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Through the ages referred to as, ‘The tears of Zeus”, and believed by the Bedouins to be filled with Lightning, the kaleidoscopic play of colour trapped within Opals has made them a source of fascination for centuries.
Most modern references suggest it is adapted from the Sanskrit word "Upala” which literally translates to the word “jewel”. The argument for the Sanskrit origin is strong. The term first appears in Roman references around 250 BC, at a time when the opal was valued above all other gems. The word itself has two meanings, one is related to "seeing" and forms the basis of the English words like "opaque"; the other is "other" as in "alias" and "alter". It is claimed that opalus combined these uses, meaning "to see a change in colour".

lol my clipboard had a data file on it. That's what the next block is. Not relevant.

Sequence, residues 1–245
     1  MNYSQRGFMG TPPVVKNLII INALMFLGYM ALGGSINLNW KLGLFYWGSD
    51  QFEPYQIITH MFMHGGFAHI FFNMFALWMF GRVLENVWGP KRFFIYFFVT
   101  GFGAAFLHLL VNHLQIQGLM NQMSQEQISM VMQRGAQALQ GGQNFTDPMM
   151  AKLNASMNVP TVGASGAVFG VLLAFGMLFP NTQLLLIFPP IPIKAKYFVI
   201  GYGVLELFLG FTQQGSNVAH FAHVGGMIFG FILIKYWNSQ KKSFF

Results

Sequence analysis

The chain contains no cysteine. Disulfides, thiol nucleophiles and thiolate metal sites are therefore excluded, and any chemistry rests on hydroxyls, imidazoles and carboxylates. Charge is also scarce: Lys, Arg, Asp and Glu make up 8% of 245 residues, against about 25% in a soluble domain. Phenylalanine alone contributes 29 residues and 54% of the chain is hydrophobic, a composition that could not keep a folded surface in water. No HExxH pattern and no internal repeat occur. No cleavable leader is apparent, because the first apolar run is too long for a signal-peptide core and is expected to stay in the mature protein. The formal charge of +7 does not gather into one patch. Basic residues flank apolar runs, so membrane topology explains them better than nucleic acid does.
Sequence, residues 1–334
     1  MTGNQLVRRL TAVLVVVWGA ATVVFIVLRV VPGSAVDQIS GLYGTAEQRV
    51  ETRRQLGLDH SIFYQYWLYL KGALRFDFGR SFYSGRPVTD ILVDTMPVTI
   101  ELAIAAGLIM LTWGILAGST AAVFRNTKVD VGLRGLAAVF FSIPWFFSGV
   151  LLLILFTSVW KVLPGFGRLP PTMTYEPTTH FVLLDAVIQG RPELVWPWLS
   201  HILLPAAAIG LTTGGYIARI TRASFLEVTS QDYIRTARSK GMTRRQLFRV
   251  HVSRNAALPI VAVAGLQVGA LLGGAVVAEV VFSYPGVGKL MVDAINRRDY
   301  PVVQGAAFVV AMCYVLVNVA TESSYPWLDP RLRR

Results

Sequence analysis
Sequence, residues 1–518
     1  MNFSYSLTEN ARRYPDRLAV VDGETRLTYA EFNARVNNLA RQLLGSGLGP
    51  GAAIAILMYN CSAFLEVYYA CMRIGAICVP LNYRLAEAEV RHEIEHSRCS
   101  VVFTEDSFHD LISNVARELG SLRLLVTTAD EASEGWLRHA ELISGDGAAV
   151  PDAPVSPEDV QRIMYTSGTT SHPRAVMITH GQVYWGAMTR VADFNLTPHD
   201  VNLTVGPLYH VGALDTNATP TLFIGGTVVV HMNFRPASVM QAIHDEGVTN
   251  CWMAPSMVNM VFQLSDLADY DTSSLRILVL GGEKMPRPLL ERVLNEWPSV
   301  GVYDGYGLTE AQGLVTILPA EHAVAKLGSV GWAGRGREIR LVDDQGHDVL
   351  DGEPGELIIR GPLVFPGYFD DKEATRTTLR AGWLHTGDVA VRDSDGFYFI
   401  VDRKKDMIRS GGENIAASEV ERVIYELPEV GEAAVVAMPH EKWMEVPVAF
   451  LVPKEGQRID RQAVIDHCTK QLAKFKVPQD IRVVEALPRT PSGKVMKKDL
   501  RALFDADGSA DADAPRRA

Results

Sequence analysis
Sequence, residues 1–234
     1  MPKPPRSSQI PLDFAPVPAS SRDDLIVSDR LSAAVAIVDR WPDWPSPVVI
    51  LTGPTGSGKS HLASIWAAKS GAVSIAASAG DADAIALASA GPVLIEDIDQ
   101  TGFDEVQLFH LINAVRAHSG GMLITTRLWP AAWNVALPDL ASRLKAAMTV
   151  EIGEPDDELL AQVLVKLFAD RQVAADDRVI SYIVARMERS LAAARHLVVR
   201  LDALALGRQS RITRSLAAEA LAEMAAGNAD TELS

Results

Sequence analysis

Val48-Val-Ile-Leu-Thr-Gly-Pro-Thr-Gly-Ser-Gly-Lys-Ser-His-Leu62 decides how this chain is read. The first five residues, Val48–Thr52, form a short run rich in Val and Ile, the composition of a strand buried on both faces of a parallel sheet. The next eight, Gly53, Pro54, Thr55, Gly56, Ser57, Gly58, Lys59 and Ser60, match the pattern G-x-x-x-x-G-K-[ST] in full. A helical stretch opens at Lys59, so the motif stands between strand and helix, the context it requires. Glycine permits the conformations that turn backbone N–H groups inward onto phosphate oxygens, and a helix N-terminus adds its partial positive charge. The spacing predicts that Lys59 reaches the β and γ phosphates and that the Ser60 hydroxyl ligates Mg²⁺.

With it's quiet beauty it's often easy to overlook labradorite especially when compared to the more obvious charms of Opals or Amethysts but have another look at that piece of jewellery, let it catch the light and watch the iridescence take your breath away.